Editorial: Temporary fix, but commendable
Trying to make sense of it all is a struggle with seemingly no end.
There are groups of people in need. There are other groups with plenty. The interaction between the two isn’t always congenial.
There are people among us who genuinely need the help of government or charitable agencies. And there are others who could do well for themselves, but instead choose to freeload and take what others — namely the government — will give them. They take the same amount for free they could easily work for, giving no thought to the impact on others as a result.
Long gone is the day when every man and woman was willing to give an honest day’s work for an honest day’s pay. While it is certainly not new, we lament the continually evolving mantra of “I’ve got mine.”
We mention this societal movement against the backdrop of giving credit today to Gov. Beverly Perdue. She’s made sure one small group needing help has it, even if only a temporary fix.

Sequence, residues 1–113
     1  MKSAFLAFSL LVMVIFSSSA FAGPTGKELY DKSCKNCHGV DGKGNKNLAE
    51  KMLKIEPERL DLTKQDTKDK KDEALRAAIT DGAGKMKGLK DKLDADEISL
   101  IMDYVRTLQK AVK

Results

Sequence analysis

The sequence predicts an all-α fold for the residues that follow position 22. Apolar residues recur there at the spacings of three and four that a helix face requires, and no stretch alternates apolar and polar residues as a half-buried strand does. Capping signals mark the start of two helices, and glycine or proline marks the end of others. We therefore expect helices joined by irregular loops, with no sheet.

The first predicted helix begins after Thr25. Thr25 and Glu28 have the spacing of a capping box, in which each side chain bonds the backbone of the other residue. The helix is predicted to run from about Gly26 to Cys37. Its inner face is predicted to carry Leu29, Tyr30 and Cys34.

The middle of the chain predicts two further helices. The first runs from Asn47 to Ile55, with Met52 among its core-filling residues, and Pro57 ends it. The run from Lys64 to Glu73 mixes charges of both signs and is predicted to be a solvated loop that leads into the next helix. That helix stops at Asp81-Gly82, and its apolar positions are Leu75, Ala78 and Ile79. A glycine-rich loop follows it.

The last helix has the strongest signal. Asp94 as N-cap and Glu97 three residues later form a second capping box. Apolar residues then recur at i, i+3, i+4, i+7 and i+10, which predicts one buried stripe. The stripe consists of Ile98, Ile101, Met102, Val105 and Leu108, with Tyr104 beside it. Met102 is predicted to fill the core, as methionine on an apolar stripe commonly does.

Group home residents, between 1,000 and 2,000 of them, were facing eviction in 10 days. They would no longer be eligible for Medicaid reimbursements for personal care services, such as help eating, dressing or taking a bath.
Medicaid’s part is about one-third of their payment, and operators of the homes said staying open without the insurance money from the government wasn’t going to be feasible. Perdue found $1 million, though the solution only lasts through Jan. 31.
Lawmakers return to session Jan. 30. That’s a short window for a long-term solution, but we hope they can at least find another Band-Aid. Homelessness for the residents, the alternative, is not a solution.
The effects of changes in health care laws continue to hit. President Obama’s Affordable Care Act, passed in 2010, is causing businesses to change coverage plans with insurance companies.
For many non-salaried employees, the number of hours worked is going to drop. Most will be tied to the changes in health care law.
The domino effect will push more people into looking for part-time jobs. Struggling small businesses won’t be their solution either.
And everybody wants theirs, with no end to the struggle in sight.